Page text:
All clays are different in terms of surface charge and their ability to adhere to algae cells. In addition to surface charge, flocculation is affected by factors such as particle size and shape and the physical forces that bring particles together. Likewise, algal species vary in their susceptibility to removal using clay flocculation because of their different surface properties, shape, size, and swimming ability. In studies of the Florida red tide organism Karenia brevis and related HAB species, clays have been very effective in removing cells from the water with no re-emergence up to 48 hours after clay control experiments in the laboratory, suggesting that the cells are either dead or incapable of escaping from the clay floc. The clay to be used in the experiments for this project (see below) have been highly effective in preventing deposited cells from re-emerging in other places it has been applied.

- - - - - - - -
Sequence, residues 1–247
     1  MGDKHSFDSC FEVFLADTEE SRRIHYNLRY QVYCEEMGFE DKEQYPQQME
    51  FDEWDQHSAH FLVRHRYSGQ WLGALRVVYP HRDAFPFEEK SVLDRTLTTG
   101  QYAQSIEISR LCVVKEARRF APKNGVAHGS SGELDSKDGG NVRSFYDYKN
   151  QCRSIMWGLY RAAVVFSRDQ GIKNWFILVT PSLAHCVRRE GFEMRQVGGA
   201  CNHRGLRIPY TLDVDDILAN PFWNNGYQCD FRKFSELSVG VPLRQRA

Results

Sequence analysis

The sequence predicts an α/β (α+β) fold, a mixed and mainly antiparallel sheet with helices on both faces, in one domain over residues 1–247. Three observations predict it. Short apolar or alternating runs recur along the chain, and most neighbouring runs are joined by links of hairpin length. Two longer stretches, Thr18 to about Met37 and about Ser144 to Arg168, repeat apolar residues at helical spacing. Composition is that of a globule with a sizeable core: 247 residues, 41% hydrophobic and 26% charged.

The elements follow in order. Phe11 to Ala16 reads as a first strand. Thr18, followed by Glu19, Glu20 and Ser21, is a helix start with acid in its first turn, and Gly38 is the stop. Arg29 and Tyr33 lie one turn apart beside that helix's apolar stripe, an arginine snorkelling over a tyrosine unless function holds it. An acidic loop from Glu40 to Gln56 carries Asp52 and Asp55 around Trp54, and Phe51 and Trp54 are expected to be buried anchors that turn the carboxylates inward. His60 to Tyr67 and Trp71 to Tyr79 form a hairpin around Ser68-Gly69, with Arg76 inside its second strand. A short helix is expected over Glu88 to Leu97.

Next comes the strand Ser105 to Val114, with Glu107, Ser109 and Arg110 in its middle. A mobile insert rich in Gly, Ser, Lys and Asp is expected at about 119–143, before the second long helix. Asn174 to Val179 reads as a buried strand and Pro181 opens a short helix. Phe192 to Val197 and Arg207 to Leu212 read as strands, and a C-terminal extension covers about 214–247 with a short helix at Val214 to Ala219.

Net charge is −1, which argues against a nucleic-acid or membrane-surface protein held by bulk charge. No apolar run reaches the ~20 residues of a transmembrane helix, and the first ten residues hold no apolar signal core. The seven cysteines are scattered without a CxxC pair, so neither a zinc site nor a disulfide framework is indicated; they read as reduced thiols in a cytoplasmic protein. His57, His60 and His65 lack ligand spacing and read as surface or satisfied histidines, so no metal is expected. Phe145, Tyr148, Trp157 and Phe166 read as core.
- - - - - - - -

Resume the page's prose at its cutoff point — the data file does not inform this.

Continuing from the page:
The practice of using clay to control algal blooms in the ocean is not new, with mentions in scientific literature dating back 30 years or more. Today, both South Korea and China routinely use clay to control algal blooms. In South Korea a clay called “yellow loess” has been used since 1996 to control blooms of a HAB species called Cochlodinium polykrikoides that have caused millions of dollars of damage to fish farms. Figure 2 shows the amount of clay used in in South Korea from 1996 to 2007. In some years, up to 225,000 tons have been used. Many environmental studies conducted in South Korea have produced no significant negative impacts, leading to the adoption of clay dispersal as a routine element of HAB management in South Korea.